Infrastructure Challenges Plague Seasonal Schools in the Upper Himalayas

Seasonal Teachers Demand Better Wages, Working Conditions

Seasonal Teachers Demand Better Wages, Working Conditions

Suhail Rather

Bandipora, July 09 (KNS): Every May, the seasonal migration of Gujjars and Bakarwals begins in Kashmir Valley, as they move with their livestock to the upper Himalayas. Accompanying them are seasonal teachers, dedicated to educating children in the difficult terrain of dense forests and high peaks.

Students have expressed that, while the government has provided some facilities for teachers, it is insufficient for the harsh conditions they face. During heavy rains, the tents often get washed away. They urge the government to provide essential facilities like boards and waterproof tents to ensure their education is not disrupted. "We hope the government will consider our needs and provide us basic facilities," said Auregzab, a student from Rajouri.

Educators operating makeshift schools in tents face significant risks, exacerbated by climate change. Frequent cloud bursts, heavy rainfall, and increased animal attacks in the Himalayas pose dangers that often damage the students' belongings, such as books and school bags.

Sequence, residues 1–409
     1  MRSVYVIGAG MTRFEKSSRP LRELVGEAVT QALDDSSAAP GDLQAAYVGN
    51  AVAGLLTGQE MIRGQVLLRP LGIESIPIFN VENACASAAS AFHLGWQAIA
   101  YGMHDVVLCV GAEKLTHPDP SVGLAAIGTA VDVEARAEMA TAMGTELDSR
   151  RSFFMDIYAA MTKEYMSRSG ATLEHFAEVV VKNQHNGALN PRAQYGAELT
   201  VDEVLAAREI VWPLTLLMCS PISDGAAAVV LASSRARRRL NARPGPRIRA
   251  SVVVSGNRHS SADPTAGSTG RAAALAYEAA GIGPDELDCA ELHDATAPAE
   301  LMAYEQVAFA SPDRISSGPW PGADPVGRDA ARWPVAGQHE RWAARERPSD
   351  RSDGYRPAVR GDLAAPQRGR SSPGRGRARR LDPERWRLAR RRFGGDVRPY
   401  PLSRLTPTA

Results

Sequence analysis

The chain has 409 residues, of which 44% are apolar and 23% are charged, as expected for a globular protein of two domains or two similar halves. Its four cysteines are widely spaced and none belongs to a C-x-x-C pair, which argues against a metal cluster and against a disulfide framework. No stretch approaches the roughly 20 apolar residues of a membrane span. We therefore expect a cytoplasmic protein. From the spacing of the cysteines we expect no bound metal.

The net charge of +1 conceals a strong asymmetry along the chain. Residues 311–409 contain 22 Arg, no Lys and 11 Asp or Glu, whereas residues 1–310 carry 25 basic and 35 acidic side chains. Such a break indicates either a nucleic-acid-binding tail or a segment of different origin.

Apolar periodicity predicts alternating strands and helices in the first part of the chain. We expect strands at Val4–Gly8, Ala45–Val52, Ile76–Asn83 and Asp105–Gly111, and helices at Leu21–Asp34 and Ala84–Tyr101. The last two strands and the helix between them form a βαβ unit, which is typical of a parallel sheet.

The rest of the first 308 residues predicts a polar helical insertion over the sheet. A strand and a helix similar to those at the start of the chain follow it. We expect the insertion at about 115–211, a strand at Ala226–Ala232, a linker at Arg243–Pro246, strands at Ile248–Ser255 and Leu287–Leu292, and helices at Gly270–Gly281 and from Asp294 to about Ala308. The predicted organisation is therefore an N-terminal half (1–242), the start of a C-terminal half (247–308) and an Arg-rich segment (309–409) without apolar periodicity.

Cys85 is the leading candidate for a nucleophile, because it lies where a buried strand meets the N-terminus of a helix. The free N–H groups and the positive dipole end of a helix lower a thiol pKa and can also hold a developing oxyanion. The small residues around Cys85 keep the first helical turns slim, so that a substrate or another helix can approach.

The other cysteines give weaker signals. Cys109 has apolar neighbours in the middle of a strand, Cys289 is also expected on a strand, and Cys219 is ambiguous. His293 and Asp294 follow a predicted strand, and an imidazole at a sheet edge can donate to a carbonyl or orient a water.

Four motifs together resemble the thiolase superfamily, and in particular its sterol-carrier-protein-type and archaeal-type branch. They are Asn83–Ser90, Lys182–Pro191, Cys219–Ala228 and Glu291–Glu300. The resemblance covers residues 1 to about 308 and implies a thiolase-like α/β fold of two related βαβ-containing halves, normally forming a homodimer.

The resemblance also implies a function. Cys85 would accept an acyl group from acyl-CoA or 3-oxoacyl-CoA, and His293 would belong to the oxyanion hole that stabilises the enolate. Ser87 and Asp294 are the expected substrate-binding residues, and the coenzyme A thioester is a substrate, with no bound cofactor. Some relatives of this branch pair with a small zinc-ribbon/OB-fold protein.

Gujjars and Bakarwals make up nearly 12% of Jammu and Kashmir's population, forming the third-largest ethnic community in the Union Territory. Education was a distant dream for them until the Jammu and Kashmir government established seasonal education centers under the Samagra Shiksha Abhiyan in 2003.Click Here To Follow Our WhatsApp Channel

Despite their dedication, seasonal teachers face significant challenges. "We stay with these students 24/7 during the migration, yet the government pays us less than laborers. We work on a temporary basis for six months and remain unemployed for the rest of the year, with no regularization policy in place," said one teacher. Another teacher from Rajouri echoed these sentiments, stating that despite raising their demands repeatedly, no positive action has been taken by the government.

Chief Education Officer Bandipora, G.M. Pujju, affirmed the government's commitment to provide basic education to these marginalized communities. He noted that an assessment by the education department received positive feedback from students. "This year, 51 volunteer teachers have been hired to educate 581 students in these mobile schools," he added.

Despite these efforts, the seasonal teachers and students continue to call for better facilities and support, highlighting the ongoing challenges faced in the upper reaches of the Himalayas.(KNS) 

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